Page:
> Let P1, … , Pm ∈ Z[y] be polynomials with distinct degrees ... progressions of the form x, x+P1(y), … , x+Pm(y)
Such progressions are a generalization of the "shifted geometric" progressions described in the article.
In particular, let P1 to Pm be y^i for i=1,...,m. Consider, say, x=0 and y = 3. Then the above gives us:
0, 3, 9, 27, ... , 3^m
Which is (almost) a geometric progression.
We can "shift" it by setting e.g. x = 1.
Though of course the polynomials can be much more general than just y^i.
The article says:
> In the type of polynomial progressions studied by Peluse, you still pick a starting value, but now you add powers of another number. For example: 2, 2 + 3^1, 2 + 3^2, 2 + 3^3, 2 + 3^4. Or 2, 5, 11, 29, 83. (Her progressions also had only one term for each power, a requirement that makes them more manageable.)
I'm not entirely sure how to interpret that, since I don't see any reference to "one term for each power" in the abstract of the paper, nor in a quick glance through it.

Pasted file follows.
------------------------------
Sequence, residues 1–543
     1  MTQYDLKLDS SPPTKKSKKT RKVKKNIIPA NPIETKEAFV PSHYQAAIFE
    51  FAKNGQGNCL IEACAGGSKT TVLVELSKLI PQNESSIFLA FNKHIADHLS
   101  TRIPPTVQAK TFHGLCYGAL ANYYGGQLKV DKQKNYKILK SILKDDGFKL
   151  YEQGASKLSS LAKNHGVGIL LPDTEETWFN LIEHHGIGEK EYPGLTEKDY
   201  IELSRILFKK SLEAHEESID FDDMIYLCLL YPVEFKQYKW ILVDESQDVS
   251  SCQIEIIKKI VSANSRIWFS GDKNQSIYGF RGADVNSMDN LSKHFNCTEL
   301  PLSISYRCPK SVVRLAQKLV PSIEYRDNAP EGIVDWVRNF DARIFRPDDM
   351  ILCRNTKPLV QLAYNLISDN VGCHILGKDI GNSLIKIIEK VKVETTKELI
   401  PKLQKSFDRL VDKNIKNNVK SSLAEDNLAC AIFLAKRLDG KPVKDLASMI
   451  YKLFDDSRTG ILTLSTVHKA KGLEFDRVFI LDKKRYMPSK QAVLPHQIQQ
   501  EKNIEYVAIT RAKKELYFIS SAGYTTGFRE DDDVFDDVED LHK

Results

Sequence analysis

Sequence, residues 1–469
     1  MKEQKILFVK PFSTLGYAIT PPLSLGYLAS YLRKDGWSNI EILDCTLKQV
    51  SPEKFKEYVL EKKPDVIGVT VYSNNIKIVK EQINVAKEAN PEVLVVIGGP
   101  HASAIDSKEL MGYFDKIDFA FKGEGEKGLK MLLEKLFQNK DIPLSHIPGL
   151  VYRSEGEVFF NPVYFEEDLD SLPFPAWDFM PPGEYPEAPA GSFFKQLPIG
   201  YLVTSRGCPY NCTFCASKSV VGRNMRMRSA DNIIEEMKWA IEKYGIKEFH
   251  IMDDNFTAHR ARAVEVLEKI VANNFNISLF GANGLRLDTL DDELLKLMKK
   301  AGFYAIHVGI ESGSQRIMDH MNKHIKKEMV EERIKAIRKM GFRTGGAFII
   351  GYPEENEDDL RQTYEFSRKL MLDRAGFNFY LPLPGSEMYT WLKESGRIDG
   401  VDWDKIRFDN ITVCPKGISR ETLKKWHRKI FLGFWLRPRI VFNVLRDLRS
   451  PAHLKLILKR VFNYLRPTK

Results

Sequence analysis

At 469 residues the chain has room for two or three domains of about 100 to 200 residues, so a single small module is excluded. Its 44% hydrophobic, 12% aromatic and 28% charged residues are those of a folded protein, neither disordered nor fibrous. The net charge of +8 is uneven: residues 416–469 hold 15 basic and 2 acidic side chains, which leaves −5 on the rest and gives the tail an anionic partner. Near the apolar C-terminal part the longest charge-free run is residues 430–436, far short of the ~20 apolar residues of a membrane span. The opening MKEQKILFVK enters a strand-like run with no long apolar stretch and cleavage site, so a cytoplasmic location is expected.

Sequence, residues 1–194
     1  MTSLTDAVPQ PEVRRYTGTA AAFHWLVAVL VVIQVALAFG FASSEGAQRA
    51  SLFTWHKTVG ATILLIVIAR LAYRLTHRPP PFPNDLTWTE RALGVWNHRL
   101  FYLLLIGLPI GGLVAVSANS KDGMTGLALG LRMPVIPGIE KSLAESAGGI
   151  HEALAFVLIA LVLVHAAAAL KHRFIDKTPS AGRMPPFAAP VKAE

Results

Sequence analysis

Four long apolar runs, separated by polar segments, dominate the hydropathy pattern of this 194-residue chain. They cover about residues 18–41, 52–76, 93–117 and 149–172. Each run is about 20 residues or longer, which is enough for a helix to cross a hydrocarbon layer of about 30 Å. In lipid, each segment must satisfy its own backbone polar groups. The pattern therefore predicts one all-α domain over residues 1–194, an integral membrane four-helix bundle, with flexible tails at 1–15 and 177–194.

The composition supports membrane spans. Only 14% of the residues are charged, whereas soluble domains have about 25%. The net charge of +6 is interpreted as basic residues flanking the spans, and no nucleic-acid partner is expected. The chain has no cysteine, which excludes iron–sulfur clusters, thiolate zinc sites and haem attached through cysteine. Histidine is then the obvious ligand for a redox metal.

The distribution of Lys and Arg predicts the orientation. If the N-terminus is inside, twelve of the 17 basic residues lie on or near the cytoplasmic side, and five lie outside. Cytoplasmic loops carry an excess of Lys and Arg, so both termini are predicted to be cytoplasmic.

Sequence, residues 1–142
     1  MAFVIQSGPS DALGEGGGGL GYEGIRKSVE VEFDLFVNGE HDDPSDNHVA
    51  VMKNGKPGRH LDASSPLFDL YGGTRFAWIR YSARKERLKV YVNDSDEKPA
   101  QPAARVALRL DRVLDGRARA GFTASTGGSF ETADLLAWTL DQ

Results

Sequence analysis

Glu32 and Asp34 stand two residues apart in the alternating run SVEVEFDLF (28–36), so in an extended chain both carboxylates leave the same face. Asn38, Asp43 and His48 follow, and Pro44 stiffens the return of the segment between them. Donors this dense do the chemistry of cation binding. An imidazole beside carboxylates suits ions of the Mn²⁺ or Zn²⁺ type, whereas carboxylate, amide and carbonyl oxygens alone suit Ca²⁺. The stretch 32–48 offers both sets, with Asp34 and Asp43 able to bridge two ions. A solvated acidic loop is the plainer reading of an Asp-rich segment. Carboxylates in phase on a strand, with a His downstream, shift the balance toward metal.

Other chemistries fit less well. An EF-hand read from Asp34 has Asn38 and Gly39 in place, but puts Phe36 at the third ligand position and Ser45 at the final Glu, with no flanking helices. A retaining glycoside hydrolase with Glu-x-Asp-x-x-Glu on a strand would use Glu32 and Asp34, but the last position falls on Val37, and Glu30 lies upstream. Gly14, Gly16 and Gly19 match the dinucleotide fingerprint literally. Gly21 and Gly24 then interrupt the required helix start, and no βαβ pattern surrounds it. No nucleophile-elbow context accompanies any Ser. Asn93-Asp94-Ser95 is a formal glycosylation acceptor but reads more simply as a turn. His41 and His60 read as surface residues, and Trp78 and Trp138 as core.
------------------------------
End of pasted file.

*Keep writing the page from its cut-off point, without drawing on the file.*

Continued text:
Edit: Or do you mean that "polynomial progression" has an existing definition, and this definition is equivalent, but is a strange way of stating it? Or do you mean the definition as stated in the article is wrong / differs from the standard definition?
x^n + c where n, c are fixed and x goes 0,1,2,... with the progression
n^x + c
..the latter I'd call exponential progression
But yeah, seems to me these "shifted geometric progressions" are actually just a special case of a more general concept of a "polynomial progression".